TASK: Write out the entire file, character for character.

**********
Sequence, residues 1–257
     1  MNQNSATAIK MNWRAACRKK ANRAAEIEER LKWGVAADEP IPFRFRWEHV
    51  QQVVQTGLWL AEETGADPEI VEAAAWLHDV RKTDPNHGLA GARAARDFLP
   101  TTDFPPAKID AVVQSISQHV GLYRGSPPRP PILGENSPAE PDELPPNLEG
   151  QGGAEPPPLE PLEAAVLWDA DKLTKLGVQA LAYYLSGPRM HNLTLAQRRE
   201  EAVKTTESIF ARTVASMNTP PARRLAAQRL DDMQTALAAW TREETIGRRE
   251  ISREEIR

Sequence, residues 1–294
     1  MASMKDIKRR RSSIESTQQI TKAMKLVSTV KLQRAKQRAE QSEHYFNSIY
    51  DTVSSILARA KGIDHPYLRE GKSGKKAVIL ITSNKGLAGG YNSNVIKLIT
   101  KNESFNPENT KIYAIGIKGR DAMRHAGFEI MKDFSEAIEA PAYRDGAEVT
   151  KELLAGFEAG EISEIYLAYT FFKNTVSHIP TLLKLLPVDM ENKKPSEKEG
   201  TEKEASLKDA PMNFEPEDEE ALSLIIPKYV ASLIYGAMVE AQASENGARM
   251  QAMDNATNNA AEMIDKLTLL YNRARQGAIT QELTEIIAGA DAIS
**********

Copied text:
Sequence, residues 1–257
     1  MNQNSATAIK MNWRAACRKK ANRAAEIEER LKWGVAADEP IPFRFRWEHV
    51  QQVVQTGLWL AEETGADPEI VEAAAWLHDV RKTDPNHGLA GARAARDFLP
   101  TTDFPPAKID AVVQSISQHV GLYRGSPPRP PILGENSPAE PDELPPNLEG
   151  QGGAEPPPLE PLEAAVLWDA DKLTKLGVQA LAYYLSGPRM HNLTLAQRRE
   201  EAVKTTESIF ARTVASMNTP PARRLAAQRL DDMQTALAAW TREETIGRRE
   251  ISREEIR

Sequence, residues 1–294
     1  MASMKDIKRR RSSIESTQQI TKAMKLVSTV KLQRAKQRAE QSEHYFNSIY
    51  DTVSSILARA KGIDHPYLRE GKSGKKAVIL ITSNKGLAGG YNSNVIKLIT
   101  KNESFNPENT KIYAIGIKGR DAMRHAGFEI MKDFSEAIEA PAYRDGAEVT
   151  KELLAGFEAG EISEIYLAYT FFKNTVSHIP TLLKLLPVDM ENKKPSEKEG
   201  TEKEASLKDA PMNFEPEDEE ALSLIIPKYV ASLIYGAMVE AQASENGARM
   251  QAMDNATNNA AEMIDKLTLL YNRARQGAIT QELTEIIAGA DAIS